The team is joined by GuestKats Mirko Brüß, Rosie Burbidge, Nedim Malovic, Frantzeska Papadopolou, Mathilde Pavis, and Eibhlin Vardy
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SpecialKats: Verónica Rodríguez Arguijo (TechieKat), Hayleigh Bosher (Book Review Editor), and Tian Lu (Asia Correspondent).

Friday, 2 January 2009

Artist's resale right derogation - the IPKat was wrong

The IPKat's prophetic properties must be on the wane. In November, following at UK IPO consultation, the IPKat reported that 90% of respondents favoured ending the derogation from the resale right covering dead artists. The IPKat said that he 'has no doubt which way the Government will decide this issue'. It therefore came as a surprise to the IPKat to read of this letter, from John Denham, the Secretary of State for Universities, Innovation and Skills, to EU Commissioner, Charlie McCreey, asking for a two year extension of the derogation.

The fragile state of the UK art market, and the fear that sales will be diverted to New York or Geneva if the derogation is lifted is given as the reason. The letter also argues that if the UK art market declines then living artists will also suffer. However, Mr Denham also states that the UK backs the EU's attempts to get WIPO to consider making the resale right 'compulsory throughout the world'.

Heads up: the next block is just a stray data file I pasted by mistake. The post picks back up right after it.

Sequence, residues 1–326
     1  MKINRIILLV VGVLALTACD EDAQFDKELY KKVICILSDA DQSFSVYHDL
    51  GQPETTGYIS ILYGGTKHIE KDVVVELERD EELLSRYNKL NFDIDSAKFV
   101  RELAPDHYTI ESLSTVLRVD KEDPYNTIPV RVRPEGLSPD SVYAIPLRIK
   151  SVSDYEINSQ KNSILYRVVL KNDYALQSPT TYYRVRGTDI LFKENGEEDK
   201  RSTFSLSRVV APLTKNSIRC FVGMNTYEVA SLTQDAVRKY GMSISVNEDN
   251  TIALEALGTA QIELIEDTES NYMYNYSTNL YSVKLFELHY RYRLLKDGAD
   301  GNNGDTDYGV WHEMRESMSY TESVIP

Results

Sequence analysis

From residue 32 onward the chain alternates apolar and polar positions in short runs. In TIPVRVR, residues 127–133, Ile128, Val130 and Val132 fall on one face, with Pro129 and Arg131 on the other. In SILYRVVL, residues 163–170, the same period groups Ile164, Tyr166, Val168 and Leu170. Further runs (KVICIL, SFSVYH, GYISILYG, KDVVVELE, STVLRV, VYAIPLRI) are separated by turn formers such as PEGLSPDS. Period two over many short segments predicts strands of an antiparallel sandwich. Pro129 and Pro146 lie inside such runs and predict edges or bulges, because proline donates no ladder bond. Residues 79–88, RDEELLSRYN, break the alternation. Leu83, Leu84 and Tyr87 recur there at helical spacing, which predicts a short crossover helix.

The IPKat wonders whether, in current economic conditions, the resale right will be the thing which is decisive as to where a sale takes place. Surely at least as important will be the value (or lack thereof) of the respective countries' currencies. Either way, he reckons that if the resale right really is that significant, the EU are going to have a hard job convincing WIPO members to take on the right. Merpel asks, is this the first IP policy to be directly shaped by the credit crunch?

1 comment:

Howard Knopf said...

Given WIPO's long standing stalemate on AV performance rights and broadcasters' rights treaties, I wouldn't expect much interest at all in an artist’s resale rights treaty - which would be even more controversial and even less necessary than either of the above.

Moreover, there is important and urgent work to be done on limitations and exceptions, including for the blind. That is where WIPO should put its copyright priorities.


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